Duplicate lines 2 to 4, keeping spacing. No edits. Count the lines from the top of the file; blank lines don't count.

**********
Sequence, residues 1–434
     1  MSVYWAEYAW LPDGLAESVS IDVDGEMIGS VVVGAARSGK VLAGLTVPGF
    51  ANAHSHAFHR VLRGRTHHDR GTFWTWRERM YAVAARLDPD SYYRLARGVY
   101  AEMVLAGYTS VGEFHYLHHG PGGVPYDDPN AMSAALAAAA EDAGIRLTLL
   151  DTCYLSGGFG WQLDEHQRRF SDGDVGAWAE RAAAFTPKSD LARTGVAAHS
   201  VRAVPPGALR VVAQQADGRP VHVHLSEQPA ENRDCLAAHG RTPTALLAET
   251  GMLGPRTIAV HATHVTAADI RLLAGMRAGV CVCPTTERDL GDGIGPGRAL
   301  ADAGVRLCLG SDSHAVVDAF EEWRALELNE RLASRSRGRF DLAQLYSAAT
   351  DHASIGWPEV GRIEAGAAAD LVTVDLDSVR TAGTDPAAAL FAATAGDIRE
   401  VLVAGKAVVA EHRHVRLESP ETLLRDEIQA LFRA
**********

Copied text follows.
     1  MSVYWAEYAW LPDGLAESVS IDVDGEMIGS VVVGAARSGK VLAGLTVPGF
    51  ANAHSHAFHR VLRGRTHHDR GTFWTWRERM YAVAARLDPD SYYRLARGVY
   101  AEMVLAGYTS VGEFHYLHHG PGGVPYDDPN AMSAALAAAA EDAGIRLTLL